outwait outrun outwit


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Yesterday we had a party for my mother-in-law's 70th birthday. I picked up the cake A had ordered, an enormous ugly fortress of yellow-iced sponge, walking with it in the rain under a precariously clutched umbrella. We had a long sprawling dinner in a restaurant named after the famous local poet: feasting on oysters, la! and bread and butter pudding while children crawled under chairs and switched off lamps. SĂșin glowered as she ate buttered soda bread; she's suffering from middle child syndrome, still a baby when mild Rian was born. Afterwards we assembled in the pub with cousins and their spouses, bringing out the cake when the mother-in-law noticed the huge white box on the kitchen table. The mother-in-law couldn't sit still, even at her birthday party. After her sister, brother-in-law and their children left, she walked behind the bar and began serving customers.

My in-laws are solid people: teachers, solicitors, farmers, nurses, construction workers, etc. All happily married, with children and houses they own. I am an anomaly, an Asian American woman with no children, a student for too many years. The Asian or American part doesn't bother them. One auntie married a Chinese man from Trinidad and their children spent summers here. America is much-loved as well, an exciting destination for people accustomed to migration. But it's the other, more ephemeral stuff that bothers them. The idealism, the socialism, the unabashed and passionate love of the arts. I try not to mention the writing, because I know what they think - Oh, you're one of them. A waster, I suppose. At such times, I long for Galway. For my friends who are interested in art and books and politics and climate change. Not just kids and houses.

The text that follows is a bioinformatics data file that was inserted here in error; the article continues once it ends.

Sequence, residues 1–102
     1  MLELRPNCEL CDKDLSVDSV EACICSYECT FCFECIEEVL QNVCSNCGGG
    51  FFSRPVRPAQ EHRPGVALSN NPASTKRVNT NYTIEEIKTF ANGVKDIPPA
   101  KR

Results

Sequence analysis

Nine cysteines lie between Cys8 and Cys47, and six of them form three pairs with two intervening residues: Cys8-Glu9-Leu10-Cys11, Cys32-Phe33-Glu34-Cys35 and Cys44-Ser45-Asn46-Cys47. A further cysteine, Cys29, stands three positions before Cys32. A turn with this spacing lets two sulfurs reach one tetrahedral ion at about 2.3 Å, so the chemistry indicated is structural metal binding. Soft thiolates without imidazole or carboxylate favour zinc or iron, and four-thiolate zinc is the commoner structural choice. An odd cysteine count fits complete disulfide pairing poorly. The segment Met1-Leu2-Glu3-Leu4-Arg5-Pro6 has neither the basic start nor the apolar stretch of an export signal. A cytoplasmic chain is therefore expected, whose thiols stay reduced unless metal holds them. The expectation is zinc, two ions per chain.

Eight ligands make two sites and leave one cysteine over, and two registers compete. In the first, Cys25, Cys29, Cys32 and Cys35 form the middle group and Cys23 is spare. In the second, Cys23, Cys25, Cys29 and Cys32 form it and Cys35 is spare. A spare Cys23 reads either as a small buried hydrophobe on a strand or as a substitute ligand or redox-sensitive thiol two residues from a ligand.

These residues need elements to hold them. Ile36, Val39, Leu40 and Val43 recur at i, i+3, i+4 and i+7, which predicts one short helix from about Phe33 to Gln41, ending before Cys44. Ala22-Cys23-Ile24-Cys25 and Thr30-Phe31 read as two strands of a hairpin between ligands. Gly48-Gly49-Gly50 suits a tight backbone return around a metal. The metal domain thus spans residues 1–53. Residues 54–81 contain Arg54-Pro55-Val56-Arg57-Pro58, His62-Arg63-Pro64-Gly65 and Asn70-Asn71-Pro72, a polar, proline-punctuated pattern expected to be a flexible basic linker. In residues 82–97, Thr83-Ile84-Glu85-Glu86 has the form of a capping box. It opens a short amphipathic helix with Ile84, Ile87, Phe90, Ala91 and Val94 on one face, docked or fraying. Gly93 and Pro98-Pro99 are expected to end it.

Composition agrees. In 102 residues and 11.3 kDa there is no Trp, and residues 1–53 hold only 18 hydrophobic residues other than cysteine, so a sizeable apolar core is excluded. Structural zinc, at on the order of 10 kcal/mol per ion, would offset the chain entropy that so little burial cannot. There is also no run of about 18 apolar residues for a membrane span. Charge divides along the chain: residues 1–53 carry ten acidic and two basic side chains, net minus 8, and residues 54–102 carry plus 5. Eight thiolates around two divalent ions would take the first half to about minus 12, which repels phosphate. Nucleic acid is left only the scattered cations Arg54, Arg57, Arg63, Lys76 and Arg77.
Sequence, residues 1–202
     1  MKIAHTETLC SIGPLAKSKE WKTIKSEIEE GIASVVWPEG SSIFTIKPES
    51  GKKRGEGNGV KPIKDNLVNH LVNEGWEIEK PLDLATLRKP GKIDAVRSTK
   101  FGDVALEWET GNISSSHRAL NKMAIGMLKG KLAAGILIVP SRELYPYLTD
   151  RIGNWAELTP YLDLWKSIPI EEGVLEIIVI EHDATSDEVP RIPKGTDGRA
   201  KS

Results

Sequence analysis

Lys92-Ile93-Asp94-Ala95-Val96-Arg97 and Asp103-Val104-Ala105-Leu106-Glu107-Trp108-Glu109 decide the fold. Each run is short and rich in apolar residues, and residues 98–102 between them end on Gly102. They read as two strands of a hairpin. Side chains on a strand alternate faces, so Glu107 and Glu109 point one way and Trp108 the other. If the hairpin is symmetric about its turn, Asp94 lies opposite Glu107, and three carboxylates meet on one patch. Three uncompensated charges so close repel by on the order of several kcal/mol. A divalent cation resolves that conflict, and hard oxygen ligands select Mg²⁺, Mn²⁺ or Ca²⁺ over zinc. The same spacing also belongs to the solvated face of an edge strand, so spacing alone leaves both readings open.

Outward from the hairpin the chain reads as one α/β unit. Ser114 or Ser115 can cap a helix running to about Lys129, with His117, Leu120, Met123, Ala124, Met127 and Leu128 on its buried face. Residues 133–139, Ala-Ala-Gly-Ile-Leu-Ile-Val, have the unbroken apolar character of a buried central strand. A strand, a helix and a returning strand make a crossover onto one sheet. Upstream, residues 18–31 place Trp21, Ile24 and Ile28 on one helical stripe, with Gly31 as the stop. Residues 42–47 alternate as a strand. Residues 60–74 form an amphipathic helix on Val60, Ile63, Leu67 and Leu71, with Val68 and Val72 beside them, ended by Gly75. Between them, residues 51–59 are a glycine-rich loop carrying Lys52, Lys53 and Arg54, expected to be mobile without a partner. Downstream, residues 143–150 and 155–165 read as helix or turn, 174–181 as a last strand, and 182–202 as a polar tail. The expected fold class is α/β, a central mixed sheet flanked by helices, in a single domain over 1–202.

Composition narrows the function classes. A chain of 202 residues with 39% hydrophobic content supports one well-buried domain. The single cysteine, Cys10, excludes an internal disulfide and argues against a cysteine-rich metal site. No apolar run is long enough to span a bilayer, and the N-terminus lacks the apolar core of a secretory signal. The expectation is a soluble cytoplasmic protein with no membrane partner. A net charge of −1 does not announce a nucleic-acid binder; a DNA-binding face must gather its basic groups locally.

But it's not hopeless for me in small-town Ireland. I chatted with T, back from Italy, with a slim silver blue-glass beaded bracelet from Venice for me. Have you been writing? Good, good! Always hang out with the people who keep you aligned with what you suspect is your deepest purpose.

By the end of the night, the pub is nearly empty. I'm on Black Bush with ice. Everyone's smoking inside. J joins us. She has started a local branch of the socialist-except-in-name political party. She is wicked and good fun. Her fashion is always sharp. That night she wore red lipstick under a blond pompadour and a white shirt embroidered with swans tucked into black jeans with red razor heels. She has the prodigious energy to match her genius husband's. Her statements are usually exclamatory: People tell me I should run for councillor! I would love to do it! But I don't think I could do the boring legwork! She's eternally restless, with a scintillating presence, and I think it disturbs my husband and his solid people.


From Edmund White's A Boy's Own Story, his semi-autobiographical novel:

"I thought that to write of my own experiences would require a translation out of the crude patois of actual slow suffering--mean, scattered thoughts and transfusion-slow suffering boredom--into the tidy couplets of brisk, beautiful sentiment, a way of at once elevating and lending momentum to what I felt. At the same time I was drawn to... What if I could write about my life exactly as it was? What if I could show it in all its density and tedium and its concealed passion, never divined or expressed, the dull brown geode that eats at itself with quartz teeth?"


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